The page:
Cover Image

Not for Sale



View/Hide Left Panel
Click for next page ( 73


The National Academies | 500 Fifth St. N.W. | Washington, D.C. 20001
Copyright © National Academy of Sciences. All rights reserved.
Terms of Use and Privacy Statement



Below are the first 10 and last 10 pages of uncorrected machine-read text (when available) of this chapter, followed by the top 30 algorithmically extracted key phrases from the chapter as a whole.
Intended to provide our own search engines and external engines with highly rich, chapter-representative searchable text on the opening pages of each chapter. Because it is UNCORRECTED material, please consider the following text as a useful but insufficient proxy for the authoritative book pages.

Do not use for reproduction, copying, pasting, or reading; exclusively for search engines.

OCR for page 72
72 Integrating Airport Information Systems With these drawbacks, why are legacy systems still in use? Some reasons not to replace a legacy system are as follows: The cost of replacing the system is too high. No one knows exactly how the system works or everything it does, so replacing it is risky. The system was built to be highly available and cannot be taken down. Integration Strategies and Technologies In this Handbook, strategies refers to a specific software systems integration approach. Each strategy has different strengths and weaknesses and is appropriate for different situations. Under- standing how these strategies work is key to determining the most effective strategy for a partic- ular airport's situation. Technology refers to the tools used to build and integrate software. Integration technologies include the following: Standards used to format and store data, such as Structured Query Language (SQL) and XML; Software techniques such as relational databases and online analytical processing (OLAP); and RP, such as CUPPS. The use of a specific technology does not imply the use of any particular strategy. For example, XML is a technology that is widely relied on to integrate software systems, and it can be used to implement all of the strategies described in this Handbook. Integration Strategies This section describes popular software systems integration strategies (i.e., data warehousing, enterprise information integration, and enterprise application integration) and compares their strengths and weaknesses. Data Warehousing This strategy gathers data from different software systems and puts the data in a central location called a data warehouse. The warehouse uses software to scrub the data--apply preset business rules and analyze the data--to use the data in preset calculations to provide needed information. Other systems then go to this central location to get the data as input for their calculations, or in the case of a large data warehouse, data is first distributed to departmental data marts, such as a financial data mart or operations data mart. Think of the data in a data warehouse as the items sold by a large retail chain. All of the items (data) are received from the different manufacturers (software systems) in the central warehouse (data warehouse). The employees (data scrubbing routines) of the central warehouse ensure that the items received meet the standards of the retail chain. The items are organized and distributed to the retail stores (data marts) based on which stores need what items. When IT people discuss data warehousing, they often mention an associated strategy called Extract, Transform, and Load (ETL). This strategy typically uses technologies like open databases, flat files, and XML to extract the data from various sources before transforming or scrubbing the data so that it can be loaded into the data warehouse. The data warehouse and data marts are usually made up of one or more databases. These databases identify relationships between data and provide for open communication of data between databases. The data in a data warehouse or data mart are read-only, so they cannot be modified. Therefore, this strategy is used only for viewing and reporting on data; it does not allow software systems to interact with each other.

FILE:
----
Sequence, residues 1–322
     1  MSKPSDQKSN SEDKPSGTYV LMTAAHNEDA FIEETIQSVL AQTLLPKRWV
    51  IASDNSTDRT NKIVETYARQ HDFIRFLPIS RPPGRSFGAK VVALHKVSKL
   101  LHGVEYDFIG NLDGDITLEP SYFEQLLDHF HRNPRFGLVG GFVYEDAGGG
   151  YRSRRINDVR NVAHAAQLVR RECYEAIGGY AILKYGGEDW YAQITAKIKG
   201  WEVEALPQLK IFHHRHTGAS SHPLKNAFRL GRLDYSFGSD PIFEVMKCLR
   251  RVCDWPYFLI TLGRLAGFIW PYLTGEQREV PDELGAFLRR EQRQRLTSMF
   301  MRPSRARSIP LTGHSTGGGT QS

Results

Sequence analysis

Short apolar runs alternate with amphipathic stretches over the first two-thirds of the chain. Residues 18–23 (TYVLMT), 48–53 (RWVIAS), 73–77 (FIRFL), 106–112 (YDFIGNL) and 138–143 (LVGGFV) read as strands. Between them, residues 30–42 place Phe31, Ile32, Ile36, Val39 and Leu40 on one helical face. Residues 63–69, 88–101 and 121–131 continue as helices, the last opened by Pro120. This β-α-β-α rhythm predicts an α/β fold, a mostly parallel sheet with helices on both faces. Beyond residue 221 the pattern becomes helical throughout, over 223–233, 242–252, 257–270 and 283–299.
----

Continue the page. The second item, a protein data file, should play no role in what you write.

OCR for page 72
Architecture, Strategies, Technologies, and Contracts 73 Figure 6-1 shows how a typical airport's information process would look using a data warehouse strategy. The strengths and weaknesses of data warehousing are as follows: Strengths. Good for analyzing historical data, analyzing trends, and finding hidden correla- tions in data. Weaknesses. To the extent that making real-time decisions is important, this strategy may not be as appropriate. Enterprise Information Integration This strategy leaves data in the various software systems and a central EII software program gets data from those systems when data are needed. The information in these various systems is termed distributed data. The EII software presents a single, unified model of the distributed data so that queries and reports can be written against this central model, regardless of in which system individual data elements reside. Think of an EII system as a multi-restaurant delivery service. The customer (a report or query) calls the delivery service (EII software) and orders Chinese food (accounting data), pizza (main- tenance data), and an apple pie for dessert (flight data). The delivery service picks up the food from three different restaurants (software systems) and delivers it to the customer. In discussing EII software, people often mention technologies like Open Database Connectiv- ity (ODBC), Java Database Connectivity (JDBC), and Web Services. These technologies are used to access data from the various distributed sources. Some of the strengths and weaknesses of EII are as follows: Strengths Because data are left in the original software system, reports are always up to date. Users can access data from multiple systems in an integrated manner. Figure 6-1. Schema for data warehousing strategy.